Is it possible that the search of the Self or the World or the Lord is confused at the outset? That its very premise is suspect, inevitably contaminating whatever apparently proceeds or emerges from it?
Say that I resolve to search for an Xlkerd. I pledge not to rest until I encounter an Xlkerd. My whole life shall be devoted to realizing Xlkerd. But since there is no Xlkerd, my searching and pledges and devotion are all in vain. They might be fun or interesting, and might turn up some fascinating stuff along the way, but . . . not an Xlkerd.
In that case, would it be better to direct my attention and energy and devotion to something real? Like justice? Or the end of food insecurity? World peace?
Or this. Say that I decide to sip some apple cider and heft my glass of lemon tea, bringing it to my lips. Absent some undiscovered supernatural alchemy, I’m going to drink lemon tea, not apple cider. The decision to sip cider when only tea is available cannot possibly turn tea into cider.
In that case, would it be better to accept the reality of tea’s presence? And cider’s absence? And just get on with the sipping?
In other words, what I am getting at is inquiring into the assumptions that underlie our so-called quests and spiritual seeking and so forth. If we’re going to slay dragons and there are no dragons . . . Or if we’re going to rescue princesses but all the princesses have rescued themselves . . .
Chris Fields suggests that it can be helpful – indeed, even necessary to our happiness (which includes our ability to share happiness with one another) – to retire some of our inquiries, especially the ones that are null because of the a priori assumptions underlying them.
That is, if you’re searching for a Xlkerd, give it up. Your assumption that Xlkerds exist when they do not is poisoning the project from the start.
If what we’re doing is incoherent, then we should give it up in favor of an action that is coherent.
I use “coherent” in this case to mean aligning our experience of experience with our best understanding of what it means to bring forth love.
Fields is responding to an essay that makes the case for mind’s ontological primacy over body; mind precedes the physical. Before there is a world that is unjust, say, there is this subjective experience of something which we will subsequently name “just” or “unjust.” Field takes the position that the underlying question – establishing a hierarchy of subjective and objective, first-person and third-person, mind and body is . . . dubious. And thus unhelpful.
Perhaps . . . it is this quest for an authoritative answer that should be rejected. Perhaps self and world do not make sense, at least not in combination (Dietrich & Fields 2015). A dialetheic world – one in which some contradictions are true as well as false (Priest 1994) – permits limited and pragmatic theories, but disallows any universal and fundamental ontology.
I gave some attention to dialethia here. In this post, I am extending Fields’ “perhaps” to specifically include spiritual searches for Selves or Gods or Kingdoms of Gods and all of that. If we expect authoritative answers to those quests and those authoritative answers do not exist, then our searching is going to make us unhappy and even possibly insane. It certainly can’t help us in our ongoing attempts to cooperate and collaborate with one another. Why attempt the impossible? Isn’t it obvious that doesn’t help anybody?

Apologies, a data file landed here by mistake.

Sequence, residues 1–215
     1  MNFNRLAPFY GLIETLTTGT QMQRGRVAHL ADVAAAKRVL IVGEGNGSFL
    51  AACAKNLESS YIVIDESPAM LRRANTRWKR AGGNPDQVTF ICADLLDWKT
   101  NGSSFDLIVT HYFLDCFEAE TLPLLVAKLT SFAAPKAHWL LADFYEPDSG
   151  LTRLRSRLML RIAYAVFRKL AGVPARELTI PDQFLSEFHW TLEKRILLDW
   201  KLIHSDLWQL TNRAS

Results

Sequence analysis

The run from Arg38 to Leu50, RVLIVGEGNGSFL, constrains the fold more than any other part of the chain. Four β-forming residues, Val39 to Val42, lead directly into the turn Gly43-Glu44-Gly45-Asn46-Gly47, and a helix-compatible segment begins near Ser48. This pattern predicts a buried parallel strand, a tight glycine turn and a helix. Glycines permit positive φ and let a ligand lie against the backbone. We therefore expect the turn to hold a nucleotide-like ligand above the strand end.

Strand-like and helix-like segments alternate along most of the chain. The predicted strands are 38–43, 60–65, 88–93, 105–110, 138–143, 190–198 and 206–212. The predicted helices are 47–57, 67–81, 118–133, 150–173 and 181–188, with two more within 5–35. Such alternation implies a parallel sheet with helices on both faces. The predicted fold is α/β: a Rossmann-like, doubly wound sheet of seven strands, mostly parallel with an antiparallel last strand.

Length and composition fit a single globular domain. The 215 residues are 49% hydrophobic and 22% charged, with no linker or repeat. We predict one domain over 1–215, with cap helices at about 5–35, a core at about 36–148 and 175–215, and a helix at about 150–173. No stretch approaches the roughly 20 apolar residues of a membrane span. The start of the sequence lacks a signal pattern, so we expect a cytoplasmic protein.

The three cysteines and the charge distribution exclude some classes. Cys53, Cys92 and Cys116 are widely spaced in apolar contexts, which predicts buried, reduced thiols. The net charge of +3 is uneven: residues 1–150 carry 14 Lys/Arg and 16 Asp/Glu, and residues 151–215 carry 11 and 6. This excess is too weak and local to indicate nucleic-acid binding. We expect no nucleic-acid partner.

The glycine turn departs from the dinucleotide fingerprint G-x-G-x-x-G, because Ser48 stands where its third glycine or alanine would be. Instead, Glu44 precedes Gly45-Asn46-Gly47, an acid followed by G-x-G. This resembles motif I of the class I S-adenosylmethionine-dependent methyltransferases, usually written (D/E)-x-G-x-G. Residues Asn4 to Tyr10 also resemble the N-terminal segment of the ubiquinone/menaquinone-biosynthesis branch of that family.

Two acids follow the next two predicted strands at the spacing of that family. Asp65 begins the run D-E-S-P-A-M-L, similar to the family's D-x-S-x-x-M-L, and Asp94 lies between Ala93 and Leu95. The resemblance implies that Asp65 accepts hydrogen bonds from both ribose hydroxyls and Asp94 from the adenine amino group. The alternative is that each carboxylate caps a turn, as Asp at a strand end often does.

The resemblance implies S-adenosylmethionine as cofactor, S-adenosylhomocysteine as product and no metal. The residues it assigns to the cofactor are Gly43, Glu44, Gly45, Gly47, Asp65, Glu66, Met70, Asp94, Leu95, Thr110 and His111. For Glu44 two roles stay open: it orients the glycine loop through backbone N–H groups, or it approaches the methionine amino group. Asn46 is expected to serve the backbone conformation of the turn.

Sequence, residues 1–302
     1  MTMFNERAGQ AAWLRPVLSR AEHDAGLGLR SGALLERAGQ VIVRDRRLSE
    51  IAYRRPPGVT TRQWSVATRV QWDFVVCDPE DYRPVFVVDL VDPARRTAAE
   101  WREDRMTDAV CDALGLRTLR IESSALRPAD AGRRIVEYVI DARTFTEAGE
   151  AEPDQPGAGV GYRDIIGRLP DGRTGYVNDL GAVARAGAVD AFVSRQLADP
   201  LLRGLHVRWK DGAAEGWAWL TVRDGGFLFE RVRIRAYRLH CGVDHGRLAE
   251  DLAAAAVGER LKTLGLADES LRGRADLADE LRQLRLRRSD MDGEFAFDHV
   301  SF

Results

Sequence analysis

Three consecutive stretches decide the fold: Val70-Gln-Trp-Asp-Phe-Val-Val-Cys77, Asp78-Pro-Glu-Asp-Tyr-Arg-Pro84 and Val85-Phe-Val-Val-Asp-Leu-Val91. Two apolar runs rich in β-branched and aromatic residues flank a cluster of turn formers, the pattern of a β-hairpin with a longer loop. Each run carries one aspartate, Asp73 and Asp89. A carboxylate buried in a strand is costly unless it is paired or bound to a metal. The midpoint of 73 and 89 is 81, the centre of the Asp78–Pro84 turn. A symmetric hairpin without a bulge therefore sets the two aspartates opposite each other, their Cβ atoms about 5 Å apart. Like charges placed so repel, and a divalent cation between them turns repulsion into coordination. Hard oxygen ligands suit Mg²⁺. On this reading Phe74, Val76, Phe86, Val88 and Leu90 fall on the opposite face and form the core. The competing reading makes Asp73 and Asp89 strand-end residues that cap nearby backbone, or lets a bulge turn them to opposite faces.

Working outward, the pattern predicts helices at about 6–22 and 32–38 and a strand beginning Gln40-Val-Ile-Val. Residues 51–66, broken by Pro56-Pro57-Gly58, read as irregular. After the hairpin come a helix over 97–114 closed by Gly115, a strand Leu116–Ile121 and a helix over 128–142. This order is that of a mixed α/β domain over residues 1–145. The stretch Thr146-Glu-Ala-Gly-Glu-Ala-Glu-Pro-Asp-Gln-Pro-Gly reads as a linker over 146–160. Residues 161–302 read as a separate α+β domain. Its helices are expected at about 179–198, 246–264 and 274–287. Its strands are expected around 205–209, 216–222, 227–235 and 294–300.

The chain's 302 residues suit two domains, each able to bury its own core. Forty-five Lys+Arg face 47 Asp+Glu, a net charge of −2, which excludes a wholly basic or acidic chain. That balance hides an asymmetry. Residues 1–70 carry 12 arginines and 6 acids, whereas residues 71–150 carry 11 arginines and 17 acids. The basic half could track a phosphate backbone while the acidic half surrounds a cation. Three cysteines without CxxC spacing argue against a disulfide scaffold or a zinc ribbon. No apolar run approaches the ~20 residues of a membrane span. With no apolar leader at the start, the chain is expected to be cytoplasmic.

However, a reasonable response to this point is: how do we know it’s impossible unless we try? That is, you can’t disprove the existence of a self (or a god or a kingdom or even an Xlkerd) until you look for one and fail to find it. Search away!
Or maybe you could say, “well, sure. Some folks say there is no self (or god or kingdom) but I still want to find out for myself.” To each their own!
Or you could even say, “who cares if there’s no self (or god or kingdom) – the search might still be fun and interesting. After all what else are we supposed to do?”
I have made – and still do make from time to time – all of those arguments at one time or another, to varying degrees. They are not unpersuasive in their way. But it seems one does reach a juncture where the focus shifts to what helps, where “helps” means “facilitates understanding of how to bring forth love in a consistent sustainable way.”
To that end, it is sometimes useful to accept the experience, strength and wisdom of folks like Fields. If a doctor says I need an MRI, I don’t go to med school before consenting. Their expertise suffices.
In a similar way, I roast pork and chicken before serving it because homo sapiens learned a long time ago that consuming raw meat can be dangerous to the point of fatal. I am not going to die – or put someone else at risk of dying – just to prove the point all over again.
What I am saying is that given a functional wheel, we don’t want to reinvent the wheel. We want to use the wheel in order to be happy which invariably means helping others be happy too.
So if a smart and thoughtful guy like Fields wonders aloud, “say, maybe this quest for ultimate or final or authoritative answers is misguided,” then maybe it’s okay to set the quest aside. At a minimum, what happens if we do that? What paths appear to close? What paths appear to open?
If you, like me, are partial to the quasi-Christian/Freudian/Platonic tenor of A Course in Miracles, and if you, like me, decide that reading it and studying it is the functional equivalent of waiting up all night for Santa Claus to come cheerfully tumbling down the chimney. . . what happens?